The metal door opened on the trailer. People shouted. The bear bolted.
With two trained Karelian bear dogs in pursuit, “Black Pearl” hightailed it into the woods.
Five months to the day since she’d been found with pelvic fractures off the side of a highway, and after a long recovery, this adult female American black bear was back in the wild.
“We’re going to push it out and let it go,” state Fish & Wildlife Officer Nicholas Jorg explained to a dozen or so onlookers before the release on Tuesday. “Once we call the dogs off and all the noise, then the bear will have a big sense of relief and feel safe once it’s a safe, acceptable distance away from a group of people.”
Jorg also told people to yell, “Get out, bear,” to make sure she got the message.
The bystanders stood in pickup beds. The bear was inside a culvert trap — a big, corrugated drain pipe on a trailer bed — that Jorg had towed behind his department pickup that morning to a meadow in the Cascade Range. The journey started at the PAWS Wildlife Center in Lynnwood, where the bear had been recuperating from surgery, under expert care.
So she wouldn’t think too kindly of her human benefactors, another state Fish & Wildlife officer, Jesse Ward, shot a non-lethal bean-bag round at her hind quarters. Ward quickly fired off two cracker shells that sounded like July 4 fireworks.
It was over in about 20 seconds. Black Pearl was in her new home.
The release had been a long time in the making.
Fish & Wildlife officers received the initial report about the bear on Dec. 2, suggesting she dragged herself off a road after being struck by a car. She was on the Kitsap Peninsula, near Poulsbo, but they were unable to locate her at first. A few days later, they returned with dogs to track her.
Because she was captured Dec. 7, the anniversary of the Pearl Harbor attacks, they nicknamed her Pearl. As a black bear, her name evolved to Black Pearl, a fictional ship in Disney’s “Pirates of the Caribbean” movies.
Aside from the fractures, the bear appeared to be in excellent health. Officers called PAWS — the Progressive Animal Welfare Society — which runs a hospital for sick and injured wildlife across the parking lot from the companion animal shelter that’s familiar to much of the public.
X-rays showed multiple rib and pelvic fractures. To heal their patient, who weighed at least 300 pounds, PAWS staff knew they would need to bring in other veterinary specialists and get access to a larger operating room. They also wanted to make sure the bear’s birth canal wasn’t damaged, so that someday she might become pregnant without putting her life in danger.
Dr. John Huckabee, the veterinary program manager at PAWS, enlisted help from the Woodland Park Zoo and the Veterinary Specialty Center of Seattle. On Dec. 13, their team immobilized the bear for transport in the zoo’s ambulance.
At Woodland Park’s operating room, three veterinarians and six veterinary technicians from the different groups got to work. They put pelvic fragments into alignment with metal plates and screws, like an orthopedic surgeon would use on a human. Afterward, they drove their ursine patient back to PAWS to recover on a straw bed inside a secure enclosure.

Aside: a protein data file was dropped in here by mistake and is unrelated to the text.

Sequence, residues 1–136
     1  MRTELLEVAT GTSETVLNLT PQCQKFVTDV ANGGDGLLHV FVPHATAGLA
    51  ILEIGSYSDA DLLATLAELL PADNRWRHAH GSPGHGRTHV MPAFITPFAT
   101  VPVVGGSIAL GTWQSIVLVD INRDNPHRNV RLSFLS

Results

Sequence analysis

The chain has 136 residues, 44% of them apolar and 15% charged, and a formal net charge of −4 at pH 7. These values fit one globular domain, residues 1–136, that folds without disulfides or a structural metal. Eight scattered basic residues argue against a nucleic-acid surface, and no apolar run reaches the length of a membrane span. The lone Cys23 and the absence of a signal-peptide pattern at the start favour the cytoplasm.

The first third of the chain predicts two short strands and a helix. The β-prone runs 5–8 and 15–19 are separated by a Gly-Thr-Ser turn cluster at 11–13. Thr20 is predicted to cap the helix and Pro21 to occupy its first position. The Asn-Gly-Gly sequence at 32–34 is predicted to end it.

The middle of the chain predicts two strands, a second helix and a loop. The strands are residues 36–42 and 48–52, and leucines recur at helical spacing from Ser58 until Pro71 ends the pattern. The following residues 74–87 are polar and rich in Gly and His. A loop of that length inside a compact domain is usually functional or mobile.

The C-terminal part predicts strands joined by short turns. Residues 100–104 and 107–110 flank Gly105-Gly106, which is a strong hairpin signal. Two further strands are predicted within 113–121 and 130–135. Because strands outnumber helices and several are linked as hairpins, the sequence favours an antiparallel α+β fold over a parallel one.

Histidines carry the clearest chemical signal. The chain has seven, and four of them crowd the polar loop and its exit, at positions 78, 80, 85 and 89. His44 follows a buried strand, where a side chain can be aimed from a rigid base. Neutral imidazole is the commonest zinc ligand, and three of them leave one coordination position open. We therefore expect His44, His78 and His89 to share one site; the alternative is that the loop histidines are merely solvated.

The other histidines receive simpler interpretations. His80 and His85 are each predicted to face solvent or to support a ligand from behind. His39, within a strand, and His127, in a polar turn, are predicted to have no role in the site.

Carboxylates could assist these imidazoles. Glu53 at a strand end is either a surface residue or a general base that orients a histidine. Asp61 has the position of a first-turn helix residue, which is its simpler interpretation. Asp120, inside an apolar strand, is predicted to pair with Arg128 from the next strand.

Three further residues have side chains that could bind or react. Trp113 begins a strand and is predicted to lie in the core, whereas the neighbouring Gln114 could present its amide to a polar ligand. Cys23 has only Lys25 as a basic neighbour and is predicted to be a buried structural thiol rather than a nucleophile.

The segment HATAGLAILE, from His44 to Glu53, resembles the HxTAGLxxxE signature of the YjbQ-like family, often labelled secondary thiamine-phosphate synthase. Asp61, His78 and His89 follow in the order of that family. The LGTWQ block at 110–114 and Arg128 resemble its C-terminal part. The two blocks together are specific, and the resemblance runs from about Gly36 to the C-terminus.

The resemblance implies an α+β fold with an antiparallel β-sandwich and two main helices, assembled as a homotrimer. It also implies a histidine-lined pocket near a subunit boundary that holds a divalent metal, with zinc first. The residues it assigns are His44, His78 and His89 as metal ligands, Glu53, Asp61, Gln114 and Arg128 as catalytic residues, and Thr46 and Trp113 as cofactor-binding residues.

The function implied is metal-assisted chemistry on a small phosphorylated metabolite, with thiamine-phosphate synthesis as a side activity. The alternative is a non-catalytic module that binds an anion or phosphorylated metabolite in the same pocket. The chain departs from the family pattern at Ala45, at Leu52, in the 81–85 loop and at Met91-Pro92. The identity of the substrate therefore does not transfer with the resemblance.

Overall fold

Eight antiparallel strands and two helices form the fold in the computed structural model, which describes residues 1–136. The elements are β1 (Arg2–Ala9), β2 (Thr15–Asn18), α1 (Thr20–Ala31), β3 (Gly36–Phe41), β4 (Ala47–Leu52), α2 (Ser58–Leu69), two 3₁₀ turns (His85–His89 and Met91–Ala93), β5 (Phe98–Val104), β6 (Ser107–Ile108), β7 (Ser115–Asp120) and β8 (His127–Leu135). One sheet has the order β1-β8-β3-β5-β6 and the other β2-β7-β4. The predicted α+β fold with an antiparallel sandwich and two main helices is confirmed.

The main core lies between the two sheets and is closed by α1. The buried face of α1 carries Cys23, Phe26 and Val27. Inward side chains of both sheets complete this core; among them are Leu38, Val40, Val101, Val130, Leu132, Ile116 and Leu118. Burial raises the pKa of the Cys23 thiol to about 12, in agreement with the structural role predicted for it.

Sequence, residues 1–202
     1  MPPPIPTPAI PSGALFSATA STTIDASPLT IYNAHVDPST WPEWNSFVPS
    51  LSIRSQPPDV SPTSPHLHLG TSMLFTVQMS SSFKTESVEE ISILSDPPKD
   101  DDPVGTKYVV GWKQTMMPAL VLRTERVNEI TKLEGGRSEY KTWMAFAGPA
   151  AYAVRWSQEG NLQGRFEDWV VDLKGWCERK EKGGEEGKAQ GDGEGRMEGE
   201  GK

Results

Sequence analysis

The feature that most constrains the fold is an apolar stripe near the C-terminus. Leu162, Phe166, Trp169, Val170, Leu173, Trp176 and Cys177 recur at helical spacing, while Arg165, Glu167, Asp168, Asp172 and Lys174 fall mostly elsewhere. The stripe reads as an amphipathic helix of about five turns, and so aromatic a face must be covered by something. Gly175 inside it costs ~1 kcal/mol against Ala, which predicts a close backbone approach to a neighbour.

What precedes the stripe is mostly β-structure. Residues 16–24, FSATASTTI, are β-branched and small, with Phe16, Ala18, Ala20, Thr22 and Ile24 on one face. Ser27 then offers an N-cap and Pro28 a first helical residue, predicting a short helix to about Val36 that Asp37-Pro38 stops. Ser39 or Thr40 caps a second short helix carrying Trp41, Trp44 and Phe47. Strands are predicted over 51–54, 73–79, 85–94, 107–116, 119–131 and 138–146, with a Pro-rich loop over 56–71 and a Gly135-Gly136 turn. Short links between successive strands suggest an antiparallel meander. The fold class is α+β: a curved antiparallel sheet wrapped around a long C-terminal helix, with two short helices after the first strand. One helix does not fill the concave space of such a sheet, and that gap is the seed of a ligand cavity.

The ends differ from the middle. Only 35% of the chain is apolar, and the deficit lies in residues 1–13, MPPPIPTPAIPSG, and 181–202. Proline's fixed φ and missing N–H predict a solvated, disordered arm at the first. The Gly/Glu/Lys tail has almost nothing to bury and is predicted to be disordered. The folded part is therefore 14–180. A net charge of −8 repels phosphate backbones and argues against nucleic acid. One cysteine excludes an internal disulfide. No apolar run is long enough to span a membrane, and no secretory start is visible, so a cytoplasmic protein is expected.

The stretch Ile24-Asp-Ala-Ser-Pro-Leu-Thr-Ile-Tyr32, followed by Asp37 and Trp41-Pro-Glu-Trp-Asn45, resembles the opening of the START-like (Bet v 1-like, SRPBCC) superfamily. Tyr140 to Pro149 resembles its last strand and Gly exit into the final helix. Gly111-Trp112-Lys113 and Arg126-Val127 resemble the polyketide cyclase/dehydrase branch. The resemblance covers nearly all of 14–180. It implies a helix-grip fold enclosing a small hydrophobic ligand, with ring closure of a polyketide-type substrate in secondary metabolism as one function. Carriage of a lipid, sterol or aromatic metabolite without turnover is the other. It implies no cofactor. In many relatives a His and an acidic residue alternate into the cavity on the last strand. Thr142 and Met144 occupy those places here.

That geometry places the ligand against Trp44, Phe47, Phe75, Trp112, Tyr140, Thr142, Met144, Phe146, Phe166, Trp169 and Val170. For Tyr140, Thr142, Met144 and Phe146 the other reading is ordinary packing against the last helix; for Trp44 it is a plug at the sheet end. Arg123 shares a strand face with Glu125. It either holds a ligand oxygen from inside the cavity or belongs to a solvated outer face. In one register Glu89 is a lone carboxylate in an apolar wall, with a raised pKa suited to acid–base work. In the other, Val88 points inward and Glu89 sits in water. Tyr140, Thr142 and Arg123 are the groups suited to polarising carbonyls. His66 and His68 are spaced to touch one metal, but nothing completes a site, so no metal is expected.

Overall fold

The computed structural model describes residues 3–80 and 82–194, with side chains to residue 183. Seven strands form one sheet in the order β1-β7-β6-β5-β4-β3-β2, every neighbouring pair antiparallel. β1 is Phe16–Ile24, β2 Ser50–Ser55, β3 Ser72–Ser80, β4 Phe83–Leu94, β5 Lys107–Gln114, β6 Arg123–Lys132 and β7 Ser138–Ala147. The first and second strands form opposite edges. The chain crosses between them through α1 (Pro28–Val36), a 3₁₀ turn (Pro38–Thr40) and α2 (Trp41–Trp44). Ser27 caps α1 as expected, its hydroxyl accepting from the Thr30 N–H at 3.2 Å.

Over the coming months, they tried to avoid any human interaction — even with staff. As with the release, they wanted to preserve her instinctual suspicion of people. They used video monitors to track her progress.
By New Year’s Day, the bear was eating and walking between naps. She dined on dog food, fruits and vegetables, nuts, seeds and other proteins that staff hid in her enclosure. By early March, the bear’s use of her legs appeared nearly normal, staff said at the time.
“We’ve known for a while that she would be OK to be released,” said Jeff Brown, a PAWS wildlife naturalist who witnessed her release. “We just wanted to make sure the conditions were right.”
That meant waiting for spring when there would be plenty of food in the growing forests. Also, they wanted to ensure she had fully awakened from her winter slumber.
“She was still in a state of hibernation until at least a month ago,” Brown said.
PAWS has taken in at least 125 bears since 1986. Most are cubs, not adults. Black Pearl’s case also was unusual because of her severe injuries.
Present at Tuesday’s release were the two wildlife officers and a pair of Karelian bear dogs named Colter and Freya. There were staff from PAWS, two vet techs from Woodland Park Zoo who had worked on the bear, and three journalists.
The Hansen family came along as well: parents Chad and Jennifer, with their children, Ole, 4, and Aksel, 2.
The Seattle family won an auction a few years ago — the prize was to witness Department of Fish & Wildlife officers release a bear.
At the time, they had talked to Jorg, a canine handler, at length about the Karelian bear dogs. The couple especially admired the Karelians because they own a Norwegian elkhound, another hearty and fluffy breed of working dog from the far north.
Work and family conflicts forced them to pass up an opportunity to see a bear released about two years ago.
When Jorg followed up recently, the Hansens made sure Chad had the day off from his job in property management.
“We’re just here as really lucky guests,” Jennifer Hansen said Tuesday afternoon, as Black Pearl presumably lumbered through the woods nearby. “I feel like we got to see a very happy ending for this bear. Now, she hopefully gets to live a very long and normal, healthy life.”
Help a bear
It costs PAWS an average of $4,000 to care for an adult American black bear, or $3,500 for a cub, from intake through release. Donations to the nonprofit wildlife center are accepted at paws.org.